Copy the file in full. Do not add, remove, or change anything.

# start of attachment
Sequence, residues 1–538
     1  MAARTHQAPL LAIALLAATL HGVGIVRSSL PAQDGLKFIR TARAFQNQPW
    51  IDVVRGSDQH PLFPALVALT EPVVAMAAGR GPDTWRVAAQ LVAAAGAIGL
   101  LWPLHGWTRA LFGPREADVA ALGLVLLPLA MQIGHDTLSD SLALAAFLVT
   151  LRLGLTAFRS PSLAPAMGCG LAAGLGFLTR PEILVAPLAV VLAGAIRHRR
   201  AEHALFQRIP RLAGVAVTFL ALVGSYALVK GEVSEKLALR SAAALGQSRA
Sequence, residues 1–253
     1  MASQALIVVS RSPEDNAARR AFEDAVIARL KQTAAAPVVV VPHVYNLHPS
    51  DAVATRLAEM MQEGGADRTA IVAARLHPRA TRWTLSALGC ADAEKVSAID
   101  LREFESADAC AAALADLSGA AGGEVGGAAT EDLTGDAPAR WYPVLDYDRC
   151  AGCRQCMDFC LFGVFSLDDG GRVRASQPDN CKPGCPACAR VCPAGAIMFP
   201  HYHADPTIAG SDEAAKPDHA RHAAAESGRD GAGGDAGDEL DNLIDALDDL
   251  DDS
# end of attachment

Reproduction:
Sequence, residues 1–538
     1  MAARTHQAPL LAIALLAATL HGVGIVRSSL PAQDGLKFIR TARAFQNQPW
    51  IDVVRGSDQH PLFPALVALT EPVVAMAAGR GPDTWRVAAQ LVAAAGAIGL
   101  LWPLHGWTRA LFGPREADVA ALGLVLLPLA MQIGHDTLSD SLALAAFLVT
   151  LRLGLTAFRS PSLAPAMGCG LAAGLGFLTR PEILVAPLAV VLAGAIRHRR
   201  AEHALFQRIP RLAGVAVTFL ALVGSYALVK GEVSEKLALR SAAALGQSRA
Sequence, residues 1–253
     1  MASQALIVVS RSPEDNAARR AFEDAVIARL KQTAAAPVVV VPHVYNLHPS
    51  DAVATRLAEM MQEGGADRTA IVAARLHPRA TRWTLSALGC ADAEKVSAID
   101  LREFESADAC AAALADLSGA AGGEVGGAAT EDLTGDAPAR WYPVLDYDRC
   151  AGCRQCMDFC LFGVFSLDDG GRVRASQPDN CKPGCPACAR VCPAGAIMFP
   201  HYHADPTIAG SDEAAKPDHA RHAAAESGRD GAGGDAGDEL DNLIDALDDL
   251  DDS